• Manage the Contractor Team - Specific processes are required to manage the approval and on-boarding of contractor staff , the review and acceptance of contract deliverables, and dispute resolution and escalation when there is disagreement between the state and contractor. Contractor staff should be integrated with the project team to the extent possible to promote collaboration and communication.
  • Manage Stakeholder Expectations - The Project Manager should implement strategies developed in the Stakeholder Management Plan and/or the Communications Management Plan to keep Stakeholders informed of project status and progress. Effective Stakeholder communications helps to increase their support of the project, minimizes resistance, addresses Stakeholders’ needs and requirements, and helps prevent future misunderstandings.
  • Carry Out Project Communications - The project executes its Communications Management Plan with the goal of ensuring effective, clear, and efficient project communications. This can be accomplished through project team meetings, presentations, status reports, emails, project portals, and other communication activities. All communications should be appropriately timed and include the appropriate information for the target audience.
  • Monitoring and Controlling Project Activities - Monitoring and controlling activities measure and analyze project performance at regular intervals to ensure project plans are being followed. The process oversee the tasks and metrics that ensure that the project is within scope, on time, on budget, and within quality thresholds. Key activities include Schedule Management; Cost Management; Scope Management, Requirements Management, and Change Control; Quality Management; Performance Reporting; Risk and Issue Management; Contractor Performance;  Project Surveys; and Maintenance and Operations (M&O) Transition.
  • Complete the Executing Process Phase Checklist - The checklist identifies the key activities that should be completed during the Executing Process Phase.
Tools

A number of project management outputs are developed during the Executing Process Phase. The outputs are associated with tools available for your use.

For a complete list of all tools that are part of the CA-PMF see the templates page. A list and definitions of all Templates referenced in the CA-PMF is provided in Which Templates Should I Use and When? section in the Templates chapter.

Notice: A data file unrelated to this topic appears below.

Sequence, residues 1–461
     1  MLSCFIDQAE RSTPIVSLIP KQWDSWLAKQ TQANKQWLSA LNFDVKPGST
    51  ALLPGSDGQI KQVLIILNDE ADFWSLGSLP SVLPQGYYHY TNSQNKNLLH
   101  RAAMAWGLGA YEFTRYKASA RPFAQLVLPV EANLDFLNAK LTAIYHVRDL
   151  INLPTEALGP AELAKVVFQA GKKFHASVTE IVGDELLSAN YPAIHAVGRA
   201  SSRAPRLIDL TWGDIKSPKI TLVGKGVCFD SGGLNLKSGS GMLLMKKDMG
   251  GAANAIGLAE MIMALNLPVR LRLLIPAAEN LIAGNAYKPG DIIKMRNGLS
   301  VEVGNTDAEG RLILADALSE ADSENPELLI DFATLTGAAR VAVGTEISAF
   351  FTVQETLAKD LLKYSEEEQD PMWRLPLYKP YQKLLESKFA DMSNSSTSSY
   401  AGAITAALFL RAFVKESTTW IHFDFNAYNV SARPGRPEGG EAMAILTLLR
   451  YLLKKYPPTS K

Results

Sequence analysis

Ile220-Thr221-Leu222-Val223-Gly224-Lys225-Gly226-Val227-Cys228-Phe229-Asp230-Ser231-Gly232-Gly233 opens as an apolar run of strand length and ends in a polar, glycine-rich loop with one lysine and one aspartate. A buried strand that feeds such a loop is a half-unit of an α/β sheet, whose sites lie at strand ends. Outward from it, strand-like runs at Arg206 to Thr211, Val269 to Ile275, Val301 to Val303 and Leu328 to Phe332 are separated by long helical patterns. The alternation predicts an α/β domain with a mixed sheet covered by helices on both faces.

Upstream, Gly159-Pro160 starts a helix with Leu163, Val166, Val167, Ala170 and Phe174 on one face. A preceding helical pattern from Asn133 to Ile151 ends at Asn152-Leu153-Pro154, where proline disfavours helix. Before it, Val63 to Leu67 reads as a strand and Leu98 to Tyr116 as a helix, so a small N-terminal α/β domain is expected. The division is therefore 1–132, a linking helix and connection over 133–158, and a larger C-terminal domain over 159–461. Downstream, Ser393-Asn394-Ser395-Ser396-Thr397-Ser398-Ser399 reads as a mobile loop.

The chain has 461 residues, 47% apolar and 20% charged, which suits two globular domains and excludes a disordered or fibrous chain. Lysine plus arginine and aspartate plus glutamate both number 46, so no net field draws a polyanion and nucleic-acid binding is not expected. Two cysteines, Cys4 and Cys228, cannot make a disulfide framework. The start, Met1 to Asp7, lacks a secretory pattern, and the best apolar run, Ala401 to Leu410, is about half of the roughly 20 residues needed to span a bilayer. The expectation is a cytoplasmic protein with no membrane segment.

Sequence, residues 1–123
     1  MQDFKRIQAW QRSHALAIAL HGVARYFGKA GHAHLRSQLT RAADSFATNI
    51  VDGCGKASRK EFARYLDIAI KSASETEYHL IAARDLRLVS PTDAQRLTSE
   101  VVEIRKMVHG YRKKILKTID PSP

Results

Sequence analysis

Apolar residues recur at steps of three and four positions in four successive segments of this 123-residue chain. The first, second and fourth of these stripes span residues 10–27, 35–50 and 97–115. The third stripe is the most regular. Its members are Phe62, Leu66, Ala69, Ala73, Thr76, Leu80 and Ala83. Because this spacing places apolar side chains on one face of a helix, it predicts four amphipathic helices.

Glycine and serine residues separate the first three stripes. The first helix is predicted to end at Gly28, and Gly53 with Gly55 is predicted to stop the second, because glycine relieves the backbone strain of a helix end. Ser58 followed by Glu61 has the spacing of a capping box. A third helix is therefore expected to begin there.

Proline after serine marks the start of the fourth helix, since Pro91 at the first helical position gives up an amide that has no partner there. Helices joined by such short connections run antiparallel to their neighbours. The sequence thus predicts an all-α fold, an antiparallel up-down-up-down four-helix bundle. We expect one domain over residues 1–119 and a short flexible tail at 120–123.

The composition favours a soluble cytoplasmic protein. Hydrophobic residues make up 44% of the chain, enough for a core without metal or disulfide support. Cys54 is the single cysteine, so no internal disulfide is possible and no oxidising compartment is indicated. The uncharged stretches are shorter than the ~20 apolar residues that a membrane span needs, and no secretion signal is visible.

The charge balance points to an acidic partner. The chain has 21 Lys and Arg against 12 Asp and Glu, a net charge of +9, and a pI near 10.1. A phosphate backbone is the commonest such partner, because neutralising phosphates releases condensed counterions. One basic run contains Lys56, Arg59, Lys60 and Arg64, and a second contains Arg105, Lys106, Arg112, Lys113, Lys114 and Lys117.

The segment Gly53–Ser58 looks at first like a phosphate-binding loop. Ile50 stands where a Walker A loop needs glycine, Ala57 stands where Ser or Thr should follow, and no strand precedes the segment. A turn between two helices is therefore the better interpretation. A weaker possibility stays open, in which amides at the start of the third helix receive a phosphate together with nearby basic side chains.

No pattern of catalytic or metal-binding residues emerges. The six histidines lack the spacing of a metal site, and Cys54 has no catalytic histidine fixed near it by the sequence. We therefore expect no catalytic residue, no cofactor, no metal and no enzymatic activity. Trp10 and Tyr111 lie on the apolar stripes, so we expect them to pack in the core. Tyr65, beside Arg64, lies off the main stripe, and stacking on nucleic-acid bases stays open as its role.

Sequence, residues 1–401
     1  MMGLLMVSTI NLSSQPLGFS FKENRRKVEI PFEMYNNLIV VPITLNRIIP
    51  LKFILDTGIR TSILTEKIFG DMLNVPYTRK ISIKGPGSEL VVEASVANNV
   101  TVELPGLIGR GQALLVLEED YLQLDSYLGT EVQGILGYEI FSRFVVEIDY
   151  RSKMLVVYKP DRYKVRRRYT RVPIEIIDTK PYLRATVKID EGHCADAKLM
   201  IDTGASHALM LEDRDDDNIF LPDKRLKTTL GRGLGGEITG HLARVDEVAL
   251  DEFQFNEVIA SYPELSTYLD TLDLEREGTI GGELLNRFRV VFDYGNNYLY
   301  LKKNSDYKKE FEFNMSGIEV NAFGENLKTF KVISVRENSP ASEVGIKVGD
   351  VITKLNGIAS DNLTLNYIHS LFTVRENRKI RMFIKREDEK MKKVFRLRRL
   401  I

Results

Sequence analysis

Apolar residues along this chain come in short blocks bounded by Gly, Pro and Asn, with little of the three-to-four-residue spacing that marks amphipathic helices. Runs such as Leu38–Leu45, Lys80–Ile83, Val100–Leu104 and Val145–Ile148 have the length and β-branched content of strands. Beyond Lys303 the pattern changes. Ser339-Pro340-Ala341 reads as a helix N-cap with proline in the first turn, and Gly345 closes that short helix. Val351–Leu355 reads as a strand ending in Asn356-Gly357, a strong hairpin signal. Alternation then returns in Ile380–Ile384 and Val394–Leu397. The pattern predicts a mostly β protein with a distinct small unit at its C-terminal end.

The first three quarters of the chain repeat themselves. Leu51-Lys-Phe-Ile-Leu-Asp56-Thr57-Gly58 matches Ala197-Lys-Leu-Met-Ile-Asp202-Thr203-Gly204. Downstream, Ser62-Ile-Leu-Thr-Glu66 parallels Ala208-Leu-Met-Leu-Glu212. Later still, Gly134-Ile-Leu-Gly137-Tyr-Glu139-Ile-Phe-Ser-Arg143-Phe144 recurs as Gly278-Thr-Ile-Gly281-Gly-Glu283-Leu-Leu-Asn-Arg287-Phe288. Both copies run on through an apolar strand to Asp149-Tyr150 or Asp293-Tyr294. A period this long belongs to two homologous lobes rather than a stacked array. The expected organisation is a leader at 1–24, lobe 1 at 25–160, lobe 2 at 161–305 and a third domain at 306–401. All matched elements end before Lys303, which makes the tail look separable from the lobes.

Tool/ Output

Definition

Project Status Reports (Oversight)

Includes status reports that communicate the current overall status of a project. It should be distributed to appropriate team members, Stakeholders, and sponsors on a regular basis.

Deliverable Expectation Document (DED)

DEDs provide a basis for the development and submission of deliverables. It is a tool to avoid miscommunication, to ensure that the state and contractor possess a mutual understanding about deliverable content and scope.

Work Authorization

Used to authorize the contractor to complete work that is not specifically outlined in the contract, but is aligned with the overall scope of the contract. This work is unanticipated and discovered during the course of the contract, and funds must be available in the contract.

Process Improvement Plan

Identifies quality management-specific standards and practices, assessment, monitoring, and correction of the core Project Management processes followed by the project.

Operational Readiness Assessment (ORA)

Is part of the transition of the project’s software release or other end product to Maintenance & Operations and the production environment. The assessment provides and documents a comprehensive analysis of all facets of readiness, including organizational readiness and contingency planning, prior to the implementation.

Formal Product Acceptance

Used by project teams to document formal acceptance of a major deliverable, phase, or completion of the project.

Sponsorship Commitment Survey

Used by project teams to assess the involvement and support provided by the Project Sponsor.

Team Effectiveness Survey

Used by project teams to assess the effectiveness of how the project team works together.

Executing Process Phase Checklist

Identifies the key activities that are to be completed during the Executing Process Phase.

Outputs

The following deliverables are created as a result of the processes and activities completed during this process phase; these are called outputs. Many of these have an associated CA-PMF tool for you to use. These are described in the tools section. The outputs associated with this process phase are listed below:

  • Completed System Development Lifecycle (SDLC) Documents
  • Completed Status Reports (Oversight)
  • Completed Deliverable Expectation Document (DED)
  • Completed Work Authorizations
  • Completed Process Improvement Plan
  • Completed Operational Readiness Assessment (ORA)
  • Completed Formal Product Acceptance
  • Completed Sponsorship Commitment Survey
  • Completed Team Effectiveness Survey
  • Completed Executing Process Phase Checklist